February is Black History Month! We put together a list of ways you can learn about and celebrate this month.
What is Black History Month?
During February, we celebrate Black History Month. This month we learn about and recognize the achievements that African Americans have made in our country, and we reflect on the struggle for racial justice.
So, why is it important to celebrate Black history?
Concordia University of Wisconsin’s Director of Multicultural Engagement Walter Goodwyn states, “It is always important to understand Black History and the significance it plays in our society and world. It is a month to reflect on the rich history and contributions of, whom I like to call Black Heroes.”
Black Heroes are those who made large impacts on our society, whether that is in music, the medical field, etc. Goodwyn goes on, “Overall, the month is meant to educate and understand that Black History is American History.”
Any time is a good time to study Black history. In honor of Black History Month, check out these ideas for learning more about the contributions and accomplishments of the Black community.
#1 Visit a museum
Visiting a museum dedicated to Black History is a great way to immerse yourself. Many states have museums dedicated to the black heritage, or you can look for virtual museum tours. If you are in the Milwaukee area, check out the Wisconsin Black Historical Society/Museum. The museum provides exhibits and events about this heritage in order to preserve history and educate the community.
#2 Watch a documentary
With so many ways to access films, viewing a documentary is a great way to educate yourself on Black History. Here are some documentaries to check out:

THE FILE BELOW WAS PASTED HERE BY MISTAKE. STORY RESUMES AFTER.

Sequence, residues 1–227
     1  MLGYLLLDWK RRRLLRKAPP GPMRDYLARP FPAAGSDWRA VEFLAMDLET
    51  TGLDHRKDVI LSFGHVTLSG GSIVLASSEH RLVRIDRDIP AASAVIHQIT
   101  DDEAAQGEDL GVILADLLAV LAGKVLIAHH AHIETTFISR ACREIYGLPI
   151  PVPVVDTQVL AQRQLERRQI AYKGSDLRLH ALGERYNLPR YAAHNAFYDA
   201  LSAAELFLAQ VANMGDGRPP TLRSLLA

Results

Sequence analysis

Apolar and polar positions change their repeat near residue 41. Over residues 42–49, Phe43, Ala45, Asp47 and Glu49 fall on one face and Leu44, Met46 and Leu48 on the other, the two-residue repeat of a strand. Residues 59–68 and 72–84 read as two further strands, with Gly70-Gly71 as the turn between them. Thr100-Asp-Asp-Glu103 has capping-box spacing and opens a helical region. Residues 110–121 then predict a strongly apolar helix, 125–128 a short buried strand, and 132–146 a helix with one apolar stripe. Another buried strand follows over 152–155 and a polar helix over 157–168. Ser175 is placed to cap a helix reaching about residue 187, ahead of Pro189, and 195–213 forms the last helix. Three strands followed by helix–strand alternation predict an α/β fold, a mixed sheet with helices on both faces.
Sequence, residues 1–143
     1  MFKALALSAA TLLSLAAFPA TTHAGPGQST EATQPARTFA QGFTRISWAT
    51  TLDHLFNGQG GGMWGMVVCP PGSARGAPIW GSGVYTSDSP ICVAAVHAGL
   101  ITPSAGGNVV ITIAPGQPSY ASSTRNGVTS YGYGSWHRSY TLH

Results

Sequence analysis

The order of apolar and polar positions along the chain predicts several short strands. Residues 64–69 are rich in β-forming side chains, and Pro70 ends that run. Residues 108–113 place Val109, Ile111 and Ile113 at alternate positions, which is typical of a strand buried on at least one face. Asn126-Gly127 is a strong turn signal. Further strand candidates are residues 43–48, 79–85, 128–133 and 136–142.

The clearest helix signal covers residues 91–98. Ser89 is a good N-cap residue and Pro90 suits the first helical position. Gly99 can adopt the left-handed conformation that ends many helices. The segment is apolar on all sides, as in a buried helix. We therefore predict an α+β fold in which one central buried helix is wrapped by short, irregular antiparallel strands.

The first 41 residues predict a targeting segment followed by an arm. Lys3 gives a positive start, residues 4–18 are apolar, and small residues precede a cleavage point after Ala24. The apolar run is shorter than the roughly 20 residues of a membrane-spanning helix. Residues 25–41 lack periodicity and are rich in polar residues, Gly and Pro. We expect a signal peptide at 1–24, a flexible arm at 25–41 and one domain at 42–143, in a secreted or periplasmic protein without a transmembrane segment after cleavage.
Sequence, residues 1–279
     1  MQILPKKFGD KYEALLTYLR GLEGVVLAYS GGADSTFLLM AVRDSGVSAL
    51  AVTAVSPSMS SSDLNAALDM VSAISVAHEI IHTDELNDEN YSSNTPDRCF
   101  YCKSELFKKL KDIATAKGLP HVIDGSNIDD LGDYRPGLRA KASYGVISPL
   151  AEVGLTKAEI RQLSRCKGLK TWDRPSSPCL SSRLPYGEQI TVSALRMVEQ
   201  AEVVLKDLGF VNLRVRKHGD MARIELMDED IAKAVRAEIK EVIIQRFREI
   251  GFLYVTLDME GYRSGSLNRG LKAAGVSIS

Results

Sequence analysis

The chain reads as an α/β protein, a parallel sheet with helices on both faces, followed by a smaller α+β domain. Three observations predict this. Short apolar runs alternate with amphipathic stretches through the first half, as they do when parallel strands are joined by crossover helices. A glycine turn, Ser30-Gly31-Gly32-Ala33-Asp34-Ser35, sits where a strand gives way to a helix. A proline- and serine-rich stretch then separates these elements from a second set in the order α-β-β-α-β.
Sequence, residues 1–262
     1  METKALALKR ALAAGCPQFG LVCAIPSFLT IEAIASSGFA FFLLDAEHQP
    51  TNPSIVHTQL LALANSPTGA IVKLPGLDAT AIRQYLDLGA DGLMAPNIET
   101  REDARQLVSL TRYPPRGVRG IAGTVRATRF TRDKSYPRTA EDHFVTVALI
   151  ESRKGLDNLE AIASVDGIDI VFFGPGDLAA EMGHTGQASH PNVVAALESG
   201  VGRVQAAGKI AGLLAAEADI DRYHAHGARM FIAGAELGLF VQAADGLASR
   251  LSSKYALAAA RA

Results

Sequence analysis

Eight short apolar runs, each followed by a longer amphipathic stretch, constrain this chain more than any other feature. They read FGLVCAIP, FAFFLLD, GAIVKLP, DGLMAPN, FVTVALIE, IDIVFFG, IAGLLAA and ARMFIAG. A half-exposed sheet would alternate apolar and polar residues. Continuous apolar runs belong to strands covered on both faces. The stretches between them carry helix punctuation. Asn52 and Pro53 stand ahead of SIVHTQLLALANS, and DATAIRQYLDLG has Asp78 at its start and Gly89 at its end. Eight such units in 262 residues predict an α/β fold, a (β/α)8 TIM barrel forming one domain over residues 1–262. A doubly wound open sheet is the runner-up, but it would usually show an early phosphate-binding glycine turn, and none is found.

- 13th (Watch on Netflix)
- Good Hair (Watch on Peacock, Amazon Prime, and Netflix)
- A Ballerina’s Tale (Watch on Amazon Prime)
- I am Not Your Negro (Watch on Netflix, Hulu, and Amazon Prime)
- King in the Wilderness (Watch on Hulu)
#3 Support a Black-owned business
Supporting Black-owned businesses is a great way to help build relationships and empower communities. There are many ways that you can show support even from the comfort of your home. First, share businesses you support on social media. Getting the name out there is a great way to promote! Secondly, write a review. Writing a review helps businesses get higher ratings, therefore, the business can rise in local search results.
Finally, a huge way to show support would be to make these businesses a part of your daily life. Start by being more intentional and mindful about where you shop and the products you use regularly. Switching to products that are made by smaller businesses is a great way to support owners.
Want to know what Black-owned businesses are near you?
Try researching lists near your area. For those in the Milwaukee, Wisconsin area, check out this directory for a list!
#4 Learn about notable Black figures and their contributions
When thinking about empowering Black figures in our history, many think of Martin Luther King Jr., Rosa Parks, Muhammad Ali, and Harriet Tubman. All of these pioneers led to great change in our society. However, there are many other Black figures that impacted our society that we all might not know about.
- Carter G. Woodson– founder of Black History Month
- Shirley Chisholm– the first African American woman in Congress
- Dorothy Height– women’s rights activist
- Jane Bolin– the first Black woman to attend Yale Law School
- Benjamin O. Davis Sr.– the first Black general in the American military
- Madam C.J. Walker– created hair care for black women
There are many great books to read about Black History, but where should you start? Check out your local library! Many places will have recommendations and various selections of books about Black history and books by Black authors. You can also check out Concordia University Ann Arbor’s list of Black History Month Books.
Other notable books are:
- The Three Mothers: How the Mothers of Martin Luther King, Jr., Malcolm X, and James Baldwin Shaped a Nation By Anna Malaika Tubbs
- Ain’t I a Woman: Black Women and Feminism By Bell Cook
- Be the Bridge: Pursuing God’s Heart for Racial Reconciliation by Latasha Morrison
- The 1619 Project: A New Origin Story By Nikole Hannah-Jones
Do you want to know more?
If you’re interested in learning more about Black History Month, check out this post about the history of Black History Month.
— This story is written by Maddie Schueller, content marketing lead for Concordia University Wisconsin and Ann Arbor. She may be reached at firstname.lastname@example.org.
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